Survey: 71% of Americans Fear Self-Driving Cars
Fear remains high in wake of high-profile crashes, fatalities
DENVER (March 20, 2019) – A stark majority of Americans remain afraid of self-driving cars, even a full year after a number of high-profile incidents involving these technologies. That's the takeaway from AAA's annual automated vehicle survey, which found that 71 percent of people are afraid to ride in fully self-driving vehicles – up from 63 percent prior to these incidents.
Per AAA's research, much of this fear stems from consumers' limited hands-on experience with self-driving vehicles, especially as it compares to the exposure generated when these technologies fail.
"Self-driving technology is evolving on a very public stage, and headlines about tragic failures tend to grab more attention than those about incremental successes," said AAA Colorado spokesman Skyler McKinley. "The good news is that once consumers interact with partially or fully self-driving vehicles, much of the mystery disappears – opening the door for greater acceptance."
Many of the cars on the road today are equipped with advanced driver assistance systems (ADAS), the building blocks for fully self-driving vehicles. AAA's research revealed that regular interaction with ADAS components such as lane-keeping assistance, adaptive cruise control, automatic emergency braking, and self-parking significantly improves consumer comfort level. On average, drivers who have one of these four ADAS technologies are about 70 percent more likely to trust these features than drivers who don't have them.
Americans are also much more receptive to the idea of automated vehicle technology in limited applications. About half ( 53 percent) are comfortable with low-speed, short-distance forms of self-driving transportation such as people movers found at airports or theme parks – much like the RTD shuttle recently unveiled at 61st & Peña station. In turn, 44 percent are comfortable with fully self-driving vehicles for food or package delivery. Still, just 19 percent of Americans would be comfortable if a self-driving vehicle was transporting their children or loved ones.
"While fears still run high, our research shows that Americans are willing to take baby steps as they incorporate self-driving technologies into their lives," McKinley said. "Hands-on exposure in controlled, low-risk environments coupled with stronger education will do a lot to ease fears about automated vehicles."
Last year, AAA partnered with the City of Las Vegas, Keolis North America, and the Regional Transportation Commission of Southern Nevada to launch America's first and largest self-driving shuttle to operate in live traffic on open, public roads. More than 32,000 people rode the shuttle during this pilot program and, after their experience, 98 percent of riders surveyed said they would recommend the technology to their friends and family, while 91 percent said that AAA made them feel safer about self-driving cars.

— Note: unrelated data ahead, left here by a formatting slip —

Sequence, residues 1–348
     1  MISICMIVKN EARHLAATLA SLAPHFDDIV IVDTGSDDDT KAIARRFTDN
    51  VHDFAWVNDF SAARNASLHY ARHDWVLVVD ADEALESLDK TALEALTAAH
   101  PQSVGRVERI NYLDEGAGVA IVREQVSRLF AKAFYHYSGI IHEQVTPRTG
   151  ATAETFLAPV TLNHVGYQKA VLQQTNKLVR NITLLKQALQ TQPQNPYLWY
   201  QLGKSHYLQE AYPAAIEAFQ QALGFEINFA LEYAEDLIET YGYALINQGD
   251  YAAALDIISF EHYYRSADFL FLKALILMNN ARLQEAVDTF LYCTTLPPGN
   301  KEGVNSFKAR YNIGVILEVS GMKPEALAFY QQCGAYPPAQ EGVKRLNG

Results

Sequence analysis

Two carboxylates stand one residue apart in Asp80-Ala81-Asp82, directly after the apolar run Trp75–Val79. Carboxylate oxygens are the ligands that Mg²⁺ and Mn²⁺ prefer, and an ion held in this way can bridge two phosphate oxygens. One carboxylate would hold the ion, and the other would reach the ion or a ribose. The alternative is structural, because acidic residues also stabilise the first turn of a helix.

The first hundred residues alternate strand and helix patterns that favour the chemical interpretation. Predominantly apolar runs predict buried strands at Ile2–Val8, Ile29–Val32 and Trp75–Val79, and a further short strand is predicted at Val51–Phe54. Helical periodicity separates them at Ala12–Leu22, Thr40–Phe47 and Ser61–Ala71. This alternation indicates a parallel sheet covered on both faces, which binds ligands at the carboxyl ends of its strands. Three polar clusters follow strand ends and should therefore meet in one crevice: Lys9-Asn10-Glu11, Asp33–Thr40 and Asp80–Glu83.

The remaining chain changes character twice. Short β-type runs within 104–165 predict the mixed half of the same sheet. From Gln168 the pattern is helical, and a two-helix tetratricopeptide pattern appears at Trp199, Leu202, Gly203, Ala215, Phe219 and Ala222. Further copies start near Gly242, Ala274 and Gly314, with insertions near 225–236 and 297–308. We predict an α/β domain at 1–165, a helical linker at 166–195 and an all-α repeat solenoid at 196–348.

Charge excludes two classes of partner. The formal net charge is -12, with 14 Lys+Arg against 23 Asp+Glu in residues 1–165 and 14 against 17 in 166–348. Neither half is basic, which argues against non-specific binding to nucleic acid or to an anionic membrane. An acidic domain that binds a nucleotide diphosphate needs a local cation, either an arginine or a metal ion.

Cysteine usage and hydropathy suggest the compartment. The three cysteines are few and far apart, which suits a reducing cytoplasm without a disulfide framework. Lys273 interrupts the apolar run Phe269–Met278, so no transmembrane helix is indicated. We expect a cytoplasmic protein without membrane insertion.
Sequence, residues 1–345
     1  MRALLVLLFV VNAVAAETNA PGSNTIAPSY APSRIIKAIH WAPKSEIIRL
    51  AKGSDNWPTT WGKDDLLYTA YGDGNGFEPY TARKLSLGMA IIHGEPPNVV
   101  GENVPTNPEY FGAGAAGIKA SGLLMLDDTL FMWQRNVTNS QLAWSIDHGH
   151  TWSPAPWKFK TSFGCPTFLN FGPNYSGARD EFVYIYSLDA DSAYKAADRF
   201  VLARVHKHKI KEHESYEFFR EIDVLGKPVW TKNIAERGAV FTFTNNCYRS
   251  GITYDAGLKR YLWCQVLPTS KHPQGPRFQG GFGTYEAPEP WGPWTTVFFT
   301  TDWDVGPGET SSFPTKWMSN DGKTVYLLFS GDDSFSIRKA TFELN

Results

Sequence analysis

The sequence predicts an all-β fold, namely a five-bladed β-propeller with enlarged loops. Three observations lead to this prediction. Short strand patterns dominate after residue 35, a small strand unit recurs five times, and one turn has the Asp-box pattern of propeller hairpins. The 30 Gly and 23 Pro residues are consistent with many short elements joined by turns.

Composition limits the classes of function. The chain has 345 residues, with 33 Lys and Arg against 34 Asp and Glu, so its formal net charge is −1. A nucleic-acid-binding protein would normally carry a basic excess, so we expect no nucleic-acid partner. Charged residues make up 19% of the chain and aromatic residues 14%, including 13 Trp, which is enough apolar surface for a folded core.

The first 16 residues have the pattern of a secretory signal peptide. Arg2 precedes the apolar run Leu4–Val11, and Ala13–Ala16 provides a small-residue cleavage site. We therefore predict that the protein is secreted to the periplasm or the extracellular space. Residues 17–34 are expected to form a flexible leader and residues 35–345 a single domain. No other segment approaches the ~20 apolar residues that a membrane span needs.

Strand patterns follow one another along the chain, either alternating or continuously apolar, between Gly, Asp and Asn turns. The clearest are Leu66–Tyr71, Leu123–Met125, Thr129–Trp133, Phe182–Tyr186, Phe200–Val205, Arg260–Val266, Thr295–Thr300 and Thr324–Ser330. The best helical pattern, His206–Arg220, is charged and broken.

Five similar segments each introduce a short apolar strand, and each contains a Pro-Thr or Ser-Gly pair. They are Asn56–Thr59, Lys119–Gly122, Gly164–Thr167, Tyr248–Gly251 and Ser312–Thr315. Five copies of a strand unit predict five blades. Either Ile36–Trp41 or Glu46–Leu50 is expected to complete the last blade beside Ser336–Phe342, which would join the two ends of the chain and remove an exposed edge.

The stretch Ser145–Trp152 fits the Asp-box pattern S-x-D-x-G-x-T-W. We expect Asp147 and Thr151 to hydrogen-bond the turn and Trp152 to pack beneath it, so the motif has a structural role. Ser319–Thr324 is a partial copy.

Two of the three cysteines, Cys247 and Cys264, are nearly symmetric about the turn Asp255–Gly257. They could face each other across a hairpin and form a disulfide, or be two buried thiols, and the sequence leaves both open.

More than half of Americans (55 percent ) think that most cars will have the ability to drive themselves by 2029. While experts agree that a fully self-driving fleet remains decades away, it is a near certainty that more highly automated vehicles will take to the roads in the coming years. The more drivers understand both the benefits and limitations of the technology that is currently available, the better prepared they will be to ride in a fully automated vehicle when the time comes.
AAA is one of the world's most prominent organizations when it comes to the unbiased testing of automated vehicle technologies, as well as researching how related emerging technologies can help reduce or prevent crashes. Previous research includes ADAS technology naming, testing of driver support systems and the annual automated vehicle survey (2016, 2017, January 2018 and April 2018).
About the Survey
A telephone omnibus survey was conducted January 10-13, 2019. A total of 1,008 interviews were completed among adults, 18 years of age or older. A dual-frame approach was used that combined landline and cell phone interviews to ensure that adults who only or primarily communicate via cell phones are included and properly represented. Survey responses are weighted by six variables (age, gender, geographic region, race/ethnicity, education, and landline vs. cell phone only) to ensure reliable and accurate representation of the total continental US population, 18 years of age and older. The margin of error for the study is 4% at the 95% confidence level. Smaller subgroups will have larger error margins.
About AAA Colorado
More than 685,000 members strong, AAA Colorado is the state's most-trusted advocate for the safety and security of all travelers. As North America's largest motoring and leisure travel organization, AAA provides more than 59 million members with travel, insurance, financial, and automotive-related services - as well as member-exclusive savings. For more information, visit AAA.com.